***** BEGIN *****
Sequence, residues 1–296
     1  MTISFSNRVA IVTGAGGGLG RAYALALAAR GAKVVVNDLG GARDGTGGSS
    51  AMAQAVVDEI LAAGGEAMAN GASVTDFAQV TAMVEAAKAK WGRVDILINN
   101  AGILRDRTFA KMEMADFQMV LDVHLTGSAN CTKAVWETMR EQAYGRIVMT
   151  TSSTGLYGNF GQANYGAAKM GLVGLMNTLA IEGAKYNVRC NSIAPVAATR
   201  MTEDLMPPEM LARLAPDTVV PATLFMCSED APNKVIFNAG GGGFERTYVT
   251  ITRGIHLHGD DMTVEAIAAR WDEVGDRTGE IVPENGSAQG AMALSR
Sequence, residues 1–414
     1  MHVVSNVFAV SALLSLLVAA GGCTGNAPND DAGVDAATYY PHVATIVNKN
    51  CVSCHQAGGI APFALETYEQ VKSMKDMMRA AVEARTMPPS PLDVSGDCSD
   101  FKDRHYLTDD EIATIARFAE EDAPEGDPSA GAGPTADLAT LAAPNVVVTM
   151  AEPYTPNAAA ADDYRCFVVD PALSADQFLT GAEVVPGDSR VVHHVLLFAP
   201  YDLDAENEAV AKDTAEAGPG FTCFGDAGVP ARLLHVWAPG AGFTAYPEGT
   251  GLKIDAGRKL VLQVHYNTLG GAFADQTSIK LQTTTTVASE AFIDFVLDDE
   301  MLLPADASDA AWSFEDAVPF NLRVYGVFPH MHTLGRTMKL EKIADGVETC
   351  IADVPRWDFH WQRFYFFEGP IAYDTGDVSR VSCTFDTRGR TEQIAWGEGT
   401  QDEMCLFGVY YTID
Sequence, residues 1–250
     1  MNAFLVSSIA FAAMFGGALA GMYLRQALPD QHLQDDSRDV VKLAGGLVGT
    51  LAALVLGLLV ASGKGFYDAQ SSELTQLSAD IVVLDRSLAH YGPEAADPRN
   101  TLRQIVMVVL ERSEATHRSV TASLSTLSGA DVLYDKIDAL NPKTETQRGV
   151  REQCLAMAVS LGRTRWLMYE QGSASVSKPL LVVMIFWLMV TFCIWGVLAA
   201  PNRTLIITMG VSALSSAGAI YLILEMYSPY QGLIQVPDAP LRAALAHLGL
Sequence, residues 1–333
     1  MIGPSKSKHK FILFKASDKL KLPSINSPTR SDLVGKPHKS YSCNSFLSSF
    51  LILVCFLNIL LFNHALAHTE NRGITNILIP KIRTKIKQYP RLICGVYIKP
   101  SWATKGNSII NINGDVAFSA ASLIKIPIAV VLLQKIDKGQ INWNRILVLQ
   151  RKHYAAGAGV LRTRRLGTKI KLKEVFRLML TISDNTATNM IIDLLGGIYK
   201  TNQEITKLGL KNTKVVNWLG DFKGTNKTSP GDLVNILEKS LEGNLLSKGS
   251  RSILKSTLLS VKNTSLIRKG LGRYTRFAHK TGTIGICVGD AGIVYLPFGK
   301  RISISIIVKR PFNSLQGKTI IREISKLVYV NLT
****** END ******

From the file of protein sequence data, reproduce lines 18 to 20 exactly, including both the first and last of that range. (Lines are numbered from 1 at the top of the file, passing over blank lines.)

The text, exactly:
Sequence, residues 1–250
     1  MNAFLVSSIA FAAMFGGALA GMYLRQALPD QHLQDDSRDV VKLAGGLVGT
    51  LAALVLGLLV ASGKGFYDAQ SSELTQLSAD IVVLDRSLAH YGPEAADPRN